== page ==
The Sasanid monarch was chiding the Jewish People for their Messiah dragging his feet, so to speak. Samuel revealed a dimension of the Messiah of which the king was totally unaware: The donkey of Messiah possesses a thousand colors.

What does the donkey of Messiah symbolize? Rav Kook, in his eulogy for Herzl the man (and Zionism the movement) explained that the hamor of Messiah is the homer, the raw material, the naturalistic setting which serves as the vehicle of the redemption. (Earlier, Maharal made the connection between hamor and homer; see Netsah Yisrael, chap. 36 and Hiddushei Aggadot Maharal, Sanhedrin 98.)

There were sages who whimsically exclaimed: “Yeitei ve-lo ahmineh!” “May Messiah come and may I not see him!” (b. Sanhedrin 98b). The advent of Israel’s redemption will be fraught with such trials and tribulations—“hevlei Mashiah” (“birth pangs of Messiah”)—that more than one sage dreaded to see Messiah in the flesh.

Rav Yosef—the hero of Rav Kook’s eulogy—shot back a stunning reply: “May Messiah come and may I merit to sit in the shadow of the dung of his donkey!” (ibid.)  Rav Yosef was willing to descend three levels just to participate in the Redemption. If the donkey is not lowly enough, then the droppings of the donkey; and if the droppings are not dark enough, then the shadow cast by those droppings.

For Rav Kook, secular Zionism, with its emphasis on the material aspect of nationhood, was the symbolic “Donkey of Messiah.” And if Rav Kook’s unpacking of the Messianic mythos is on the mark, then a “donkey of a thousand colors” is a State of Israel which is variegated.

Recently there was revealed to the outside world Rabbi Nahman of Breslov’s Scroll of Secrets (Megillat Setarim). This is the great Hasidic master’s prophecy concerning the Messiah. The document, heavily encrypted, was handed from generation to generation within the confines of the tight-knit Breslov community. Recently, Zvi Mark gained access to the Scroll and published it in book form. Initially, the Scroll elicited disappointment. Readers expected that Rabbi Nahman, like Nostradamus before him, would assign dates or perhaps precise coordinates. Actually, Rabbi Nahman provided us with something more valuable: a glimpse into the “thousand colors” of the Messiah. Patterned after the paradigm of King Solomon and to an extent Rabbi Nahman’s own personality—as Professor Mark observes—the Messiah envisioned by Rabbi Nahman exhibits genius in many different fields. He excels in realms as diverse as Halakhah and horticulture, medicine and music.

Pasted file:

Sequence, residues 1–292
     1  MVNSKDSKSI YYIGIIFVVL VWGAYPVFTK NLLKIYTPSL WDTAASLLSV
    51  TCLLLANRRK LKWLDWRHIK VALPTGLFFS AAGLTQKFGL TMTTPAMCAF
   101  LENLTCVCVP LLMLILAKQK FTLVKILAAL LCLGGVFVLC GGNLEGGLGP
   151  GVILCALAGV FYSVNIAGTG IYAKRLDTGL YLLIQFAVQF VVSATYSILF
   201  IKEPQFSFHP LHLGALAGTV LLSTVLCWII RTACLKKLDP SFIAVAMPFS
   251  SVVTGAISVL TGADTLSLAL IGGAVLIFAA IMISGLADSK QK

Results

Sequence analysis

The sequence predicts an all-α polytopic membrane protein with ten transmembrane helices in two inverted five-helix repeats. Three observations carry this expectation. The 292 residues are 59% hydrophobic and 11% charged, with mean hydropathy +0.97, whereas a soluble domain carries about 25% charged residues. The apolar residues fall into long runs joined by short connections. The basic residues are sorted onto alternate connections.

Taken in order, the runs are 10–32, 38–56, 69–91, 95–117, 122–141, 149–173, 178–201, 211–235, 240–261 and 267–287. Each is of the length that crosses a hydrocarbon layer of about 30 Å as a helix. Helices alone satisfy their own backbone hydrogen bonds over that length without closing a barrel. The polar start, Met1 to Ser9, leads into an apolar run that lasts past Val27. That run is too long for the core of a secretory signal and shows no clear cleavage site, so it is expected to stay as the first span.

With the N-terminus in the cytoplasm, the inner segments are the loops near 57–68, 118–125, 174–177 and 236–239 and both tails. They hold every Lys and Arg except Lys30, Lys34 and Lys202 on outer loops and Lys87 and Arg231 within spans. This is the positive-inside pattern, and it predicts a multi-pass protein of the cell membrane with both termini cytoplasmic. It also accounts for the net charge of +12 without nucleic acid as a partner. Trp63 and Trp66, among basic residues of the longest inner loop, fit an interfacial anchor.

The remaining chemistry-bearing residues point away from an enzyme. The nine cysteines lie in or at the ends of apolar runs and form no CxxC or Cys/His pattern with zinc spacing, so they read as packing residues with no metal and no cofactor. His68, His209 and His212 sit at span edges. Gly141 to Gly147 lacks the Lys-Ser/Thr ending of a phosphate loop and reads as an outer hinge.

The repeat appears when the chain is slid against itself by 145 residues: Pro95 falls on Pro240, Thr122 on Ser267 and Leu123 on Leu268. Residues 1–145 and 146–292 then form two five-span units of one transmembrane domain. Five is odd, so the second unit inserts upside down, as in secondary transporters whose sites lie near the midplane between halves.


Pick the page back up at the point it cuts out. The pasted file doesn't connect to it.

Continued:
When we extrapolate to the collective “Donkey of Messiah,” the modern State of Israel, we discover that it too is at the forefront of multiple fields of endeavor: agriculture, medicine, the military, music, and cyber-technology, to name a few.

Israel’s redemption is no flying horse, no susya barqa. It is in Kookian terminology, a tahalikh ha-go’el, a redemptive process, slow and arduous. But it has something unknown to the King of Persia. Our redemption is a polychromatic phenomenon. “A donkey of a thousand colors.”

About the Author
Rabbi Bezalel Naor is an author, teacher, and public speaker. He is recognized as a scholar in the thought of Rav Kook, Kabbalah and Hasidism, as well as many other areas of Torah and Jewish Thought. Recent publications include a bilingual edition of Rav Kook's seminal work, Orot (Maggid, 2015); When God Becomes History: Historical Essays of Rabbi Abraham Isaac Hakohen Kook (Kodesh, 2016); and Navigating Worlds: Collected Essays (Kodesh, 2021).